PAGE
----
Andrew Tudor salutes Ken Loach's unique vision
British social realism is dead. The corpse stirs occasionally - current release Bullet Boy (2004) for instance, adds a new black British element to what previously has been a genre very much concerned with the white working class - but committed, naturalistic engagement with the everyday lives of ordinary people is not the cinematic force that it was. Leaving aside de-politicised, feel-good movies like Brassed Off (1996), The Full Monty (1997), or Billy Elliot (2000), only Mike Leigh and Ken Loach now regularly document the more desperate travails of the common people. But they do so in very different ways.
Leigh's vantage point is that of a distanced, somewhat superior observer, while Loach sees his people much more from within - he is patently committed to their cause. Of the two, perhaps unsurprisingly therefore, Leigh receives the more attention, and in films like Life is Sweet (1990), Naked (1993), Secrets and Lies (1996) and All or Nothing (2002) he has certainly created a distinctive take on British social mores. Recently he has been much fêted for Vera Drake (2004), a 1950s period piece which encapsulates many of the characteristic virtues and failings of his cinema. While, as so often with Leigh, it is graced by a compelling central performance, it is much less generous with its minor characters. The snobbish sister-in-law, the daughter and her fiancé, most of the middle-class authority figures are grotesque rather than empathically rounded. It is this resort to caricature that so often makes Leigh's films seem patronising, their overall tone less humanitarian than lugubriously misanthropic.
Some of that no doubt derives from his working methods. Developing a script from extensive rehearsal and improvisation clearly enhances actor involvement, but it can also generate a kind of centrifugal effect in which individual performances spin out of control (Brenda Blethyn in Secrets and Lies) and narrative coherence is sacrificed to actorly indulgence. The contrast with Loach is revealing here. He too encourages cast involvement, but in a more disciplined way. By shooting in sequence he allows his actors the rare luxury of orderly character development (though often without them seeing the full screenplay) and he also encourages improvisation. But, significantly, it is the scripted material which has priority when the film is edited.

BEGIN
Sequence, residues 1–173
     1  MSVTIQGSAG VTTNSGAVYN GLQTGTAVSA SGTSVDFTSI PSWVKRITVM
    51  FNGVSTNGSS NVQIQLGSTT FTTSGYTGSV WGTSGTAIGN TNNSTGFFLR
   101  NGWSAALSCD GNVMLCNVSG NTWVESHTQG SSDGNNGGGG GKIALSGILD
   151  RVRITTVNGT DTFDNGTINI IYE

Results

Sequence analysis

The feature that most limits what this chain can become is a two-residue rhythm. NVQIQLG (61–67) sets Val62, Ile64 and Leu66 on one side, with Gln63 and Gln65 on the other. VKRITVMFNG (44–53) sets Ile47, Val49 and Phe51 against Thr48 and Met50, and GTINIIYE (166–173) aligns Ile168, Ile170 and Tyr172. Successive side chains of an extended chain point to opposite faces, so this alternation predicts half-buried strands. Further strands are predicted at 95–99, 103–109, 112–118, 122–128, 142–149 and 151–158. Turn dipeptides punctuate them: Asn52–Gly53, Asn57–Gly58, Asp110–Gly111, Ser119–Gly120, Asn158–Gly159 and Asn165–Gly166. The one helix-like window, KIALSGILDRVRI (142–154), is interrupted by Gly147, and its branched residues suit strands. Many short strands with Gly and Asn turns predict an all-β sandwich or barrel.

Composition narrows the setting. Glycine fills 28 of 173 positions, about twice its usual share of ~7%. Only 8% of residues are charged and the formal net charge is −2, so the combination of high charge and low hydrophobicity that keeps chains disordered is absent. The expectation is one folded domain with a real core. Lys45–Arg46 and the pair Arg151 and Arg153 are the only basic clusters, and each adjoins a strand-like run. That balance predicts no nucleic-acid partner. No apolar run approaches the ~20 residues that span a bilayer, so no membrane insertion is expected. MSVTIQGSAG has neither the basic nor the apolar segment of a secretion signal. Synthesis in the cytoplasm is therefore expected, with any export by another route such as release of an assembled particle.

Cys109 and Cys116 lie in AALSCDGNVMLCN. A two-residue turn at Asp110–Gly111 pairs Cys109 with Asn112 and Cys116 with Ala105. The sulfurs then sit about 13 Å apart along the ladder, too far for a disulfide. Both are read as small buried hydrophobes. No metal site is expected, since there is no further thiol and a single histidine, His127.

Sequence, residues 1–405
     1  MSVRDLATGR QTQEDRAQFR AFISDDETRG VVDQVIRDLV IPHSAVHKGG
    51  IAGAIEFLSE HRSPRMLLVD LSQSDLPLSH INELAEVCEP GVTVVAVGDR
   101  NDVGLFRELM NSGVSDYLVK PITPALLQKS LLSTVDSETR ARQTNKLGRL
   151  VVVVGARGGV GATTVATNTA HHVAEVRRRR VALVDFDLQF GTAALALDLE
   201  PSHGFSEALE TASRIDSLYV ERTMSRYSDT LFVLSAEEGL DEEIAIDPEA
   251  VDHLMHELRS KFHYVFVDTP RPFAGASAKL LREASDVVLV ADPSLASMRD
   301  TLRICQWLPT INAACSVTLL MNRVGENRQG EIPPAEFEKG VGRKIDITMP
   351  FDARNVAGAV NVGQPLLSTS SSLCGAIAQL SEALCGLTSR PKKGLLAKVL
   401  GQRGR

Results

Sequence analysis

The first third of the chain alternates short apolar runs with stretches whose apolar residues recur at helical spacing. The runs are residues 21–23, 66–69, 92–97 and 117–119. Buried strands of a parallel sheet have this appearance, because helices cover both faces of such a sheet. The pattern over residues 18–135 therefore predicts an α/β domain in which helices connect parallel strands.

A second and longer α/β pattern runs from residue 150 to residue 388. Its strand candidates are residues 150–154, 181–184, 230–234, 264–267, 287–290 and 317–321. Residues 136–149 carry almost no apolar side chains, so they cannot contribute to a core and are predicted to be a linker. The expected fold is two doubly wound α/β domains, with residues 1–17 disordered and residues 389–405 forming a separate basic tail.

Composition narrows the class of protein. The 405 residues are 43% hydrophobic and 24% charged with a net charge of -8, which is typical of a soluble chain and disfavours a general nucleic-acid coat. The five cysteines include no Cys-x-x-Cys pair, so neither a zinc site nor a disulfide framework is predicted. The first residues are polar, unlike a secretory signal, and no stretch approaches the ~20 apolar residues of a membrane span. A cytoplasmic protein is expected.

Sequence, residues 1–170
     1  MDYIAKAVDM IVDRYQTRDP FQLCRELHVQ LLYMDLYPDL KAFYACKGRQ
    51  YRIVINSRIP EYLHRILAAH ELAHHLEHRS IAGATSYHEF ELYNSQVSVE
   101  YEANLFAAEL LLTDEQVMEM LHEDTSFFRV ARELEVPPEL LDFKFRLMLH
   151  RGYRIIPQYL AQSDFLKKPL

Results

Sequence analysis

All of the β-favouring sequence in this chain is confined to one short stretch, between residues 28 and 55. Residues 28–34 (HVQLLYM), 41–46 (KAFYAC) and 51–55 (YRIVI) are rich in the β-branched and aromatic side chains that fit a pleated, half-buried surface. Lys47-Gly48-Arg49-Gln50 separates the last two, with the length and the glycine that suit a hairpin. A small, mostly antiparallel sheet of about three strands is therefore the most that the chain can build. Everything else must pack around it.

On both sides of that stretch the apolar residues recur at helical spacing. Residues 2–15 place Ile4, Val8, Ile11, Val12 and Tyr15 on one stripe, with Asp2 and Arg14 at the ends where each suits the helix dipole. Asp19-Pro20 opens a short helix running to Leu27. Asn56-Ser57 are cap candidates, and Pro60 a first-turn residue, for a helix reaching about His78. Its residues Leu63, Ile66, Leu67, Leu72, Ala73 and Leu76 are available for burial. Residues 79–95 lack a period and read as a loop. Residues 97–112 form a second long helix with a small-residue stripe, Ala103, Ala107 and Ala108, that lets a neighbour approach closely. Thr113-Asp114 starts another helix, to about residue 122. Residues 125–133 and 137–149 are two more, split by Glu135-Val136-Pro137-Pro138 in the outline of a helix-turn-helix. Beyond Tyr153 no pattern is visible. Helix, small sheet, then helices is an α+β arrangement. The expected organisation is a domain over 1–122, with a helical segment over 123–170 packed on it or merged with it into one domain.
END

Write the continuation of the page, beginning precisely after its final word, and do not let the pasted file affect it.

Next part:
This is as it should be, of course, for a director who has worked closely with such an impressive array of writers: Barry Hines, David Mercer, Trevor Griffiths, and, most often, Jim Allen, in Hidden Agenda (1990), Raining Stones (1993), Land and Freedom (1995), and numerous television films including the monumental series Days of Hope (1975). Latterly he has had an extraordinarily productive relationship with Paul Laverty, encompassing five features from Carla's Song (1996) to Ae Fond Kiss (2003) as well as Loach's section of the portmanteau film Tickets which we will see later this year. This eagerness to collaborate contrasts distinctly with Mike Leigh's auteur leanings, perhaps also signifying Loach and his writers' genuine commitment to community, cooperation and, dare one say it, socialism.
Indeed, were it not for the expression's Stalinist provenance, Loach's cinema might be more appropriately described as 'socialist realism'. Unlike Leigh, from the very beginning he has made it clear that portraying the desperate social circumstances in which people have to live is a political project as much as a humanitarian or sociological one. While nothing he has done since then has had the remarkable public impact of his TV drama-documentary about homelessness, Cathy Come Home (1966) - the controversy it provoked contributed to the formation of the charity Shelter and to changes in the law - he has never retreated from that political commitment.
Of course, the politics have taken different forms. Sometimes, especially with Jim Allen, he has edged toward didacticism (consider the long scene in Land and Freedom debating the merits of collectivisation) though always ameliorated by that talent apparent since Kes (1969) to both move us and to make us laugh. In the best of his work with Laverty – My Name is Joe (1998) and Sweet Sixteen (2002) – politics and sentiment are finely balanced, leaving the spectator angered by evident injustice and emotionally overwhelmed. Those films are far more powerful than Secrets and Lies or Vera Drake, conveying, as they do, a forceful sense of the sheer, brute compulsion of economic necessity, and a profound empathy with those trying to resist it.
The central character in My Name is Joe sums it all up as he desperately explains his actions to his social-worker lover: "I'm really sorry but I don't live in this nice tidy wee world of yours. Y'know, some o' us cannae go to the police. Some o' us cannae go to the bank for a loan. Some o' us cannae just move hoose and fuck off out o' here. Some o' us don't have a choice." It's a speech that could stand for all Loach's oppressed people, whether in Glasgow, Los Angeles or Nicaragua. It is a great virtue of his cinema that he has never compromised that fierce commitment in the face of commercial pressures, and an even greater one that he has never lost his genuine compassion for the disinherited, displaced, and deprived. If social realism is to rise from the dead, and someone, be it Lynne Ramsay, director of Ratcatcher, or Saul Dibb of Bullet Boy, take on the mantle from Loach, then that same commitment and compassion, surely, is what their aim should be.
Andrew Tudor lectures at York University